Audax Australia
This is the umbrella organisation running long distance cycling events in Australia Their website includes a calendar of events.

A place where cyclist can keep track of their mileage and any number of other statistics, as well as an attached forum.

A set of discussion forums covering almost every conceivable cycling related topic.

Cycling Adventurer
The Cycling Adventurer has tossed in the structured life of an urbanite to explore the world by bicycle. A well-written site detailing how he came to cycling, and what he learned along the way.

Crazy Guy on a Bike

Bicycle touring journals from all over the world, including a couple of my own.

Johns Cycles

This is my LBS on the Gold Coast. While they cater more to the racing market, their service, advice and workmanship is the best on the coast.

St Kilda Cycles

Importers of all manner of things hard to find in Australia, including the legendary Schmidt hub dynamo & E6 lights.


Wonderings and wanderings out and about in Portland, Oregon, US

The Journey
The journey begins in Perth, Western Australia.

Lance Notstrong
The "other" Lance!

Ms Mittens
The Wired Cat on-line

Iron Gambit

Aussie Writer and Cycletourist
A blog chronicling the writing and cycling of a seaside baby boomer.

Up in Alaska
Jill's subarctic journal about ice, bears and distant dreams of the midnight sun.

The Kin Chronicles
Taking mediocrity to a new level of ordinary.

Riding and running with a vengeance.

London Cycling Diary
Pedalling across the capital since August 2005.

CouchPilot-2-BikePilot (Zin's cycling blog)
Living an adventurous life with Type-2-Diabetes.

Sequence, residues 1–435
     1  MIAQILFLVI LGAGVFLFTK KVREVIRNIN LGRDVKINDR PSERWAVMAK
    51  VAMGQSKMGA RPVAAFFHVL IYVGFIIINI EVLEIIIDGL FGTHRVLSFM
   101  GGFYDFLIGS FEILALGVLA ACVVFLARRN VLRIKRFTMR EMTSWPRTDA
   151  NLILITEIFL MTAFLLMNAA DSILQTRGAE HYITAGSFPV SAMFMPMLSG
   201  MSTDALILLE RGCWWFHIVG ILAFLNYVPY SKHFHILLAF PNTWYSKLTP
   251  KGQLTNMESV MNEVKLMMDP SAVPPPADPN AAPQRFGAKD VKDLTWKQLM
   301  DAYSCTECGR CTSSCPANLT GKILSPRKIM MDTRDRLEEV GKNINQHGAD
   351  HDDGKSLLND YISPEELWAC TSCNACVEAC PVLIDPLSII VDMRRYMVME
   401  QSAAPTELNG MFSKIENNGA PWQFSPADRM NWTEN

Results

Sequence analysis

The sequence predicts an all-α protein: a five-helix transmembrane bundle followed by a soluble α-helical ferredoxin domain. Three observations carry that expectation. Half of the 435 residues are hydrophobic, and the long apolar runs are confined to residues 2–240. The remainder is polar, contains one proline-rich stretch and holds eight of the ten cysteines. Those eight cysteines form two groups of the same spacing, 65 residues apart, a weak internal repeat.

The adventures of Crazy Biker Chick
... Including cycling, adventuring, cooking, knitting and ranting.

Redneck Espanol
The two wheeled Spanish redneck.

Treadly and me
"Work is something I do between riding my bicycle".

Womanist philosophy and theology. Cycling, climbing, art, single-motherhood and fire-twirling.

Adrian Fitch's random rambling.
A bit about cycling, a bit about genealogy, a bit about radio but mostly a lot about nothing at all.

Geo's big adventure
The life and times of Geo.

It's about the bike
Musings on the cycling life.

Various cycling tidbits.

Industry Outsider
A blog about bikes and stuff.

Tweed Coast Treadly
An old man's bicycle riding diary.

A cyclist's life in Tenerife
(Canary Islands).

Bike to work to live to bike
It's never too late to get back on the bike

Stupid Hurts
Just the random scribblings of a guy with a bicycle

I'm not drunk enough for this
Really, I'm not.

What can I say? Just read it.

Mozam's cycling adventures
A random collection of the things I like to do most, and mostly that is to ride my bikes, bicycles that is... My musings from competitive riding, long distance endurance to puttering around the neighborhood..

More cycling blogs

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Monday, May 29, 2006

A day of realisations

Sunday turned out to be a memorable ride for a lot of reasons. The Glasshouse mountains were spectacular as always.

I discovered a new route from Peachester to Maleny over Bald Knob (this may be an even prettier climb than Mt Lindesay).

There was the brutal climb over Obi Obi to a great view near Mapleton Falls (not a lot of water over the falls, but who cares?).

There was a spectacular descent on dirt through a beautiful forest into the Obi Obi Gorge to begin with.

There was even a new, out of the way spot which I might just turn into a lunch stop next time I'm in the area.

All that was "missing" were a few extra kilometres to turn the ride into a "century (that would be 100 miles as opposed to 100km). However, as I was standing on the Blackall Range watching the awesome light show provided by an approaching thunderstorm, I came to a realisation. I have been obsessing over mileage too much in recent times. To be frank, who really cares if a ride like this is a century or not? Is it really that important? Sure, I'll probably lose three places in the "contest" over at, but so what? It's the scenery that will bring me back here next time around, not the mileage. It's the scenery that I will remember from this ride, the distance is something that I will have to look up should I ever think it is relevant in any way (unlikely).

With that, I descended to Nambour just in time for the 2.30pm train home, feeling rather satisfied.